Saturday, December 5, 2009

X-Mas Parade on Front Street

The Annual Wilmington Christmas Parade is Sunday night beginning at 6:00 pm. Best viewing is along Front Street, preferably by a coffee shop (hot chocolate).

Tuesday, October 13, 2009

Monday, October 12, 2009

The Importance of Place Making - Right Now

The Front Street Streetscape 100% design phase is complete, and I got my first review last week. They are okay, I was frankly hoping for something really cool, or unique. Besides, this is our last chance to make a really cool impression on the next couple of generations.

When I was in Milwaukee attending the IDA Conference, I sat in one session presented by the folks from Vancouver on their Granville Street project. They went the extra mile, and put recycled glass in the concrete as an aggregate. The end result was a sidewalk that sparkles when it rains. We have some interesting aggregate that is indigenous to our area. As a child, I remember scraping the shark teeth from the sidewalk and pavement in our neighborhood. The local cement plant that used to provide the aggregate is no longer in business, but it sure would be cool to have something like that in our new sidewalks. Perhaps we can find a way to add shark teeth into the cement as it is poured. This will give us a unique look that won’t look like “Anywhere, USA” and will have a truly unique aspect. This would be something a little special that the tour operators can point it out when giving tours.

One thing that has gotten some people fired up lately is the use or re-use of granite curbing. In the past, the city would keep all of the granite that was pulled up. In fact, there is a field somewhere off of River Road where this “stockpile” is. You see, almost every session I’ve been in, someone says, “Are we going to use granite curbs?” The typical refrain from the city staff has been, “it’s not in the budget, we can’t afford it.” Well in my opinion, if we can’t afford it, go find the money. If we can’t go get the money, cut the project down in size. This is a historic street, one of the oldest in the state, and granite curbing is a vital part of our urban fabric. Granite curbing exists throughout most of our city. Wilmington is home to the state’s largest historic district, and we need to act like one.

Granite curbs will take no longer to install than poured in place concrete. This project has been designed by engineers, who have tried to “value engineer” this project. Front Street is too important to “value engineer” so let’s pull out all the stops and make this project special.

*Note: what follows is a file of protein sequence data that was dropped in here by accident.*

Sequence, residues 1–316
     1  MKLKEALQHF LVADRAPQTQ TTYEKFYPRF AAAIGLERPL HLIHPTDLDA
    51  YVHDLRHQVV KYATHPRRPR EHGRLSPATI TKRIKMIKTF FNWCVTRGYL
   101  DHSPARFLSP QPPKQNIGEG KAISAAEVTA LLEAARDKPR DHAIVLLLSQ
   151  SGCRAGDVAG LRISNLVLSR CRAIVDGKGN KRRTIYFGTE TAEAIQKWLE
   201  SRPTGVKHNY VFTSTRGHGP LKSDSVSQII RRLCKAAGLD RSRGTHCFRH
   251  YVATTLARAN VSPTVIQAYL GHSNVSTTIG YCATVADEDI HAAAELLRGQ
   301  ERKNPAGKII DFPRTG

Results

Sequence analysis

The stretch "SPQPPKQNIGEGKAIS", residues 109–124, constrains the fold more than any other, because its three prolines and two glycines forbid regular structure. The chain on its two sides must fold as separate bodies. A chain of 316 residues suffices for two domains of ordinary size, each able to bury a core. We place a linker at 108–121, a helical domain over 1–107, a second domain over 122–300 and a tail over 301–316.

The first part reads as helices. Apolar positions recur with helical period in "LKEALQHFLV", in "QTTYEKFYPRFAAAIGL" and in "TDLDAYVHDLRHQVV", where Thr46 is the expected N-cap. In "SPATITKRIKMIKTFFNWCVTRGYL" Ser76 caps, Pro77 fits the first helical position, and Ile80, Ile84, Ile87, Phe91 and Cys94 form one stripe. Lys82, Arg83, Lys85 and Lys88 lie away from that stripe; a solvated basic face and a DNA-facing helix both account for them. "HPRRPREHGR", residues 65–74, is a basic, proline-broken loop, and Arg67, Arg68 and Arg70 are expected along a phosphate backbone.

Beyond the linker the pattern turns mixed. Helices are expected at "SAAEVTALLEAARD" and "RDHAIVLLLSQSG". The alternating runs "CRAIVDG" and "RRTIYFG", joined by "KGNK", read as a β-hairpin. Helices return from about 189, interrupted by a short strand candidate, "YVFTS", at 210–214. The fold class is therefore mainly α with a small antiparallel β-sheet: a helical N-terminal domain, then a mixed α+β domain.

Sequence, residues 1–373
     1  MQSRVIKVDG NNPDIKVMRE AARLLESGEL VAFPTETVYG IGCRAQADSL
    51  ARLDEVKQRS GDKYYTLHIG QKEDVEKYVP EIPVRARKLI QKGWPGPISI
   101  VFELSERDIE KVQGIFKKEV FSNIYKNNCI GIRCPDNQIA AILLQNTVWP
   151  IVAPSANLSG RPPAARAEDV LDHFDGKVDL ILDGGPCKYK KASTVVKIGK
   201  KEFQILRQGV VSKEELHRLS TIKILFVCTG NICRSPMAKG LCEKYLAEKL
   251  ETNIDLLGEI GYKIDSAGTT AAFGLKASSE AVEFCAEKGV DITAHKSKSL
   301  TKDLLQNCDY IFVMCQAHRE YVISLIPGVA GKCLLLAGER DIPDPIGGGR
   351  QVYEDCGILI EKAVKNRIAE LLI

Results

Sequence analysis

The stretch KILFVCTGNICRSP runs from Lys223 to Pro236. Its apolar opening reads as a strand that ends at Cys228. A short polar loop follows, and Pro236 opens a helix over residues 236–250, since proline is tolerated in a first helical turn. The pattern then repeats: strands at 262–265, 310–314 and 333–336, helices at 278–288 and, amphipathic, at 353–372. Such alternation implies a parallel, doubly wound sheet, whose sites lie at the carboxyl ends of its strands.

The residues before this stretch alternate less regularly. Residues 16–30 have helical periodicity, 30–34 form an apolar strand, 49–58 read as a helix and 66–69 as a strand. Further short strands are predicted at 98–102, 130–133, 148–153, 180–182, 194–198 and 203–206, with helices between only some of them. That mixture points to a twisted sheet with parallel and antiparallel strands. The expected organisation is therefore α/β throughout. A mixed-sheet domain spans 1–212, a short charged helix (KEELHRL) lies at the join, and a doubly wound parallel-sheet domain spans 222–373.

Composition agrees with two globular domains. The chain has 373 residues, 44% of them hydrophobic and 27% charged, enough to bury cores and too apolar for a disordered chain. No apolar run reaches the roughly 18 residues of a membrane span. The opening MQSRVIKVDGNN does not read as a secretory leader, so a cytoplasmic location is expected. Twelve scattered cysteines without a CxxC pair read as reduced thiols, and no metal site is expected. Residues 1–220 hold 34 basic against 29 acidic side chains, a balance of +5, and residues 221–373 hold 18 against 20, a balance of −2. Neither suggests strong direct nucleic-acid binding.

Similarly, we’ve gotten feedback on the idea of installing recycling bins. You see, I feel it sends an important message to visitors when they see a recycling bin. It also gives the locals an option. Many of us recycle at home, and to be on the sidewalk and not be able to recycle is bothersome to most. You see, humans are a creature of habit. I know the experts will say, recycling bins in public space does nothing to reduce the amount of trash. Well it’s not always about the trash, but the public relations.

This project is going to hurt; there is no doubt about it. A few small businesses are almost always casualties in projects like this. But this reminds me of another session I sat in on. Jon Schallert gave a presentation on “Destination Retail.” You see, Jon found businesses across the United States that do huge numbers. Not big box or chain stores, but small Mom & Pops who do huge business. How? By getting that one niche, or providing that extra level of service. Jon went around and met all of these folks and asked them the question, “How do you do this?” Frankly I’m shocked he got answers, but like the old saying goes, “It ain’t braggin’ if it’s true.” Jon has developed a 14 point pyramid system to help you grow your business. You can learn more about the program at and login with the promo code FREE9. He’s quite inspirational, but his point was … “if you’re good enough, people will climb over a bulldozer to get to you.”